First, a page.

The chefs at Ashland University continue to outdo themselves and offered up yet another showstopper of a lunch.  As entrees and desserts were enjoyed, Roger & Suzie Gortner and Paul Snavely from the Snavely Sugar Shack were overwhelmed by congratulations on receiving the Charles Keiter Award.

Saturday afternoon offered a split agenda with a Beginner or Advanced track.  Spot checking attendance in each, most talks were roughly half and half throughout the final sessions.  One highlight for us was sharing the Sugarhouse Videos created at Gingerich Brothers & Sperry LLC, Seldom Seen Farms, and Double G Maple.  Those short videos will be featured in the digital Maple Toolbox which is almost completed and will be available soon.  Other Advanced talks focused on NRCS cost-share programs for enhanced sugarmaking sustainability, crop tree management in a sugarbush, and coupling gourmet mushroom cultivation with your maple woods.  The Beginner track started in the obvious place – how to identify different maple species, and it then progressed through different sap collection methods, a crash course on evaporators and reverse osmosis, before concluding with economic and enterprise planning.

Last but certainly not least, I have to give a shout out to Galen Smith for leading a team of folks to host the John Berry Memorial Syrup Contest.  Bruce Kavanagh took first in the Delicate class, Goodell Family Farms for Amber, and Aggie from Gingerich Brothers & Sperry led the Robust class.  The Dick Schoor Award for best syrup from a new or small producer was awarded to Bruce Kavanagh, and the Hilton Farly Award was won by Aggie Sperry.

We hope you can join us next year (actually this year…Happy New Year!) on December 6 for the 2024 edition of Ohio Maple Days!  SAVE THE DATE!!

Ask Santa for a New…Hydrometer!!

This year’s Ohio Maple Days welcomed back the free hydrometer testing service that folks had come to expect from Dr. Gary Graham’s days of leading the annual Ohio maple event.

As part of the tri-state (OH – WV – PA) ACER grant, we built out at least 1 full hydrometer testing kit for each state to ensure accurate hydrometers are in the hands of maple producers in order to produce top-quality maple syrup.  A big thanks to Carri Jagger for leading the charge on this initiative, we figured that she and I tested somewhere in the neighborhood of 75-90 hydrometers during Saturday’s program.  These are rough estimates, but I would guess around half the hydrometers tested within +/- 0.2 Brix of perfect.  1 out of every 10 hydrometers read heavier densities than they should have, and the remainder – close to 3 or 4 out of every 10 – read light compared to the standard.

For a bit more complete explanation and how to make sense of the Hydrometer Testing Bookmarks, let’s explore a couple scenarios.

The first scenario is that your hydrometer reads the exact same as our standard testing hydrometer.  This bookmark shows a best case scenario and this is exactly what that means.  We chose to test everyone’s hydrometer against a test solution of 60.0 Brix.  In other words, we mixed a test solution to read 60.0 Brix on our standard hydrometer and checked everyone else’s instrument against the truth of that standard.  Choosing 60.0 Brix as the test line is somewhat arbitrary, we could have chosen 62.0 or 64.0 or 65.7 if we were really feeling inspired.  The bottom line is that within a certain range, an inch is an inch, and if your ruler is really truly measuring 24″ where it says 24″, the same ruler should also be spot on when measuring something 30″ long as well.  The same concept applies here.  Known density is 60.0, your hydrometer reads 60.0, and your glass, paper scale, and hydrometer is in great condition.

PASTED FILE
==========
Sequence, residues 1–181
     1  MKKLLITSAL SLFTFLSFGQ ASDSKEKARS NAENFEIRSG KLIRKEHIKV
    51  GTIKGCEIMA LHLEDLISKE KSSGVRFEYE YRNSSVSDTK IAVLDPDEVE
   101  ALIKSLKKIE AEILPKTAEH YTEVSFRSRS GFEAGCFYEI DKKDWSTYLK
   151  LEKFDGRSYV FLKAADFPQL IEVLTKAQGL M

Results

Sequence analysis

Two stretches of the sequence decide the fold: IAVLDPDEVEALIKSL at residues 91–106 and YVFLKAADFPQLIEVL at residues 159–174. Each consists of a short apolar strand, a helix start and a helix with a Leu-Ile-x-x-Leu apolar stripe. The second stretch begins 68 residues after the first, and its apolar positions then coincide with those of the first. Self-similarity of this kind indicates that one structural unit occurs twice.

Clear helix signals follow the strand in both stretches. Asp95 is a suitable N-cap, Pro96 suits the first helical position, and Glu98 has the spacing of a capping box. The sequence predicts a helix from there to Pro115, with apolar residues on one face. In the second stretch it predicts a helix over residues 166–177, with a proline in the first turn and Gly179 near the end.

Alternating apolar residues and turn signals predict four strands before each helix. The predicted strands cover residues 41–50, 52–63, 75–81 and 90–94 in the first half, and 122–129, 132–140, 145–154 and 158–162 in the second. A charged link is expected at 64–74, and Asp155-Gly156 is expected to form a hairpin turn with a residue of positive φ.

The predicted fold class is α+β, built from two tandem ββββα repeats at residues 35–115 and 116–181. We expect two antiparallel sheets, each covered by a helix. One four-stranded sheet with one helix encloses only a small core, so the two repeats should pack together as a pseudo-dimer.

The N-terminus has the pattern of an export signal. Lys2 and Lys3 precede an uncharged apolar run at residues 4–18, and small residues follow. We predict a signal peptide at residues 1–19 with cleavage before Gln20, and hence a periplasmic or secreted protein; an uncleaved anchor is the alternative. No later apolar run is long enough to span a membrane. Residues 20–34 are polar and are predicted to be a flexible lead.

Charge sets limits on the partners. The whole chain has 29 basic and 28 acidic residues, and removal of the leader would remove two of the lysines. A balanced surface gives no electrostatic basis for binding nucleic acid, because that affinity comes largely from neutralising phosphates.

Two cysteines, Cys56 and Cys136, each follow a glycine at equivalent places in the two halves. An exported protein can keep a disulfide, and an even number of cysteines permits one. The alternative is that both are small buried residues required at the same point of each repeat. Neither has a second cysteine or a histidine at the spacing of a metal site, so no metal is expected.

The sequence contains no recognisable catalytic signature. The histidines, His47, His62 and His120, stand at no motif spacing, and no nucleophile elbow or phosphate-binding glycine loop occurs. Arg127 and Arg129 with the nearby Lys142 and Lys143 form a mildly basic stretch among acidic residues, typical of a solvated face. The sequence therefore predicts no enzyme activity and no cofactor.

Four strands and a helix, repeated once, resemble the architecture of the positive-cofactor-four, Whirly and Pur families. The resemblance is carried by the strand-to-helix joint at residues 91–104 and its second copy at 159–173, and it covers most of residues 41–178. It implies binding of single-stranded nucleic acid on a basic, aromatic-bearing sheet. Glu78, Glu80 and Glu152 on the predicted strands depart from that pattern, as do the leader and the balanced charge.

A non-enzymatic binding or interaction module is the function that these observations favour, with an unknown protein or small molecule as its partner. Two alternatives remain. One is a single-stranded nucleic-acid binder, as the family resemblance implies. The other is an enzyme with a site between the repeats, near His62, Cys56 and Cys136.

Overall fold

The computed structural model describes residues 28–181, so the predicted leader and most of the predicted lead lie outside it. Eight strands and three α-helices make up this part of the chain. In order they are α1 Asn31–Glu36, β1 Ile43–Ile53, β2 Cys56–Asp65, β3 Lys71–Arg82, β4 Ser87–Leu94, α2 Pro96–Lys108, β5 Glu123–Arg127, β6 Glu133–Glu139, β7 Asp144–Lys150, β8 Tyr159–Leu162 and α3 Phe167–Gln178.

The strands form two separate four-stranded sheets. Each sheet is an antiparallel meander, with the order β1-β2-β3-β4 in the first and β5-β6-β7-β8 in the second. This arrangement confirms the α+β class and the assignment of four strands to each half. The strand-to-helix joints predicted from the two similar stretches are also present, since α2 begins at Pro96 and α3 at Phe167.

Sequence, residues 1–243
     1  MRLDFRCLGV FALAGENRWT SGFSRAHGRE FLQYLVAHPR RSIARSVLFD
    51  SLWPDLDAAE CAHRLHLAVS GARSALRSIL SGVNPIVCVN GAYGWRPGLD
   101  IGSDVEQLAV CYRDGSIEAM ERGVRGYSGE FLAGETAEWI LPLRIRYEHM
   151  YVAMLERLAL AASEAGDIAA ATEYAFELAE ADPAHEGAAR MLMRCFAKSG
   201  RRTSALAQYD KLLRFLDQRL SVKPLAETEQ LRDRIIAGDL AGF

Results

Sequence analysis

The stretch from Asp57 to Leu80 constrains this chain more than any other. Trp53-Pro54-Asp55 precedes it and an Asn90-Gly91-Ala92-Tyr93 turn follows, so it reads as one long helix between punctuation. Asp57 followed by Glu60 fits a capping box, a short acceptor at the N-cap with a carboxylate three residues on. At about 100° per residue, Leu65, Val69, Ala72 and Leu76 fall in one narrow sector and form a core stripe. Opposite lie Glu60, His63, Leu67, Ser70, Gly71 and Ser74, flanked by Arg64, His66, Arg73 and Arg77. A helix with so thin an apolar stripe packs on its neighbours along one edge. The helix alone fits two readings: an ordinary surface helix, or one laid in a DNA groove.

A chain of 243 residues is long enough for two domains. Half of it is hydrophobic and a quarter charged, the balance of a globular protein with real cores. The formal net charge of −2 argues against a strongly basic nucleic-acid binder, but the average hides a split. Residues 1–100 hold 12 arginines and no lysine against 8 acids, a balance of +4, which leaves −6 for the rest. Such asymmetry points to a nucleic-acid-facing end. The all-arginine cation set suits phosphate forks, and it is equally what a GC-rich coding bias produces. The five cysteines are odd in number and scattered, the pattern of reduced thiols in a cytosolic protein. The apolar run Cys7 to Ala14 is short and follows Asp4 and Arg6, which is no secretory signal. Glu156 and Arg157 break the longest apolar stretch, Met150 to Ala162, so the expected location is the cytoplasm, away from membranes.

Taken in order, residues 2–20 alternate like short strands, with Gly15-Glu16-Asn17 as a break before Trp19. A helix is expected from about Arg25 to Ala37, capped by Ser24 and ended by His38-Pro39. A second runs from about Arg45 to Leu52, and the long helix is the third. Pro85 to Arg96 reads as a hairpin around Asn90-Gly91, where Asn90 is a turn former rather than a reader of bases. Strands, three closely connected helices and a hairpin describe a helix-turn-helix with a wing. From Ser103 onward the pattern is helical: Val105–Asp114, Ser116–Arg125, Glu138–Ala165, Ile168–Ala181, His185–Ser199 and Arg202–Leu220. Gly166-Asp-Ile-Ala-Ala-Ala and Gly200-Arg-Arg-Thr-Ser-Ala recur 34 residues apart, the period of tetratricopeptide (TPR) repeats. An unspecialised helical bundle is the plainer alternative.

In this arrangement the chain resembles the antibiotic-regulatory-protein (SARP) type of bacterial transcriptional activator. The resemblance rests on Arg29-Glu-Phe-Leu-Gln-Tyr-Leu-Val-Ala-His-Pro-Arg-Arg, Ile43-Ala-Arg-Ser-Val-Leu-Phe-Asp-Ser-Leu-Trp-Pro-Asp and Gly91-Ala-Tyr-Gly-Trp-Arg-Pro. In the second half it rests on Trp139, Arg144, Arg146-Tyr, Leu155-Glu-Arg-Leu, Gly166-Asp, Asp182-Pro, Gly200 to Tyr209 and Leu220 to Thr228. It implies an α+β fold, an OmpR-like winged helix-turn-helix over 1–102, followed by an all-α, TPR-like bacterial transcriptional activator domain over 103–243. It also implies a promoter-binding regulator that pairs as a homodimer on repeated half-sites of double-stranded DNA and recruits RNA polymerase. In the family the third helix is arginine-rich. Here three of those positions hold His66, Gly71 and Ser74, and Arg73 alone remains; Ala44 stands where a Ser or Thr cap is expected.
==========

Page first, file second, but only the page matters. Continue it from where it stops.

Heavy Syrup LLC and Wimpy Syrup & Co. are both less than ideal hydrometer testing scenarios.

Wimpy Syrup & Co.’s hydrometer is reading heavy even though their hydrometer is in good condition from a wear and tear perspective.  The effect of having a hydrometer that reads heavy is that you’ll likely be producing syrup on the underside of optimal density.  In other words, you’ll pull your syrup off early because of the heavy reading and may not finish all the way up at the perfection standard of 66.9 Brix.

Heavy Syrup LLC has the opposite issue.  Because their hydrometer is reading light, syrup will probably get left on the evaporator a tad long and finish at a higher density than the industry standard.  Hence, we can see that the directional error in hydrometer reading leads to syrup that finishes in the opposite direction.  A heavier reading than truth leads to lighter syrup. Lighter readings lead to heavier syrup.  The additional issue with Heavy Syrup LLC’s hydrometer is that the paper scale has become twisted, likely as a result of a glue dot detaching, eliminating any hope of accurate density readings in the future.  Throw that hydrometer away.

Hopefully this post sheds some light on why hydrometer testing is important.  A big thanks to all the producers who brought one or two or five hydrometers to be tested.  We will plan to offer the same service at Ohio Maple Days going forward and add a second testing beaker for sap hydrometers at next year’s event.  Syrup density is one of the key diagnostics to ensure we produce quality maple syrup and accurately reading density is an important skill as a sugarmaker.  If you have a hydrometer that you know is off, toss it in the garbage and ask Santa to put another in your stocking ASAP.

 

North American Maple – Massachusetts Recap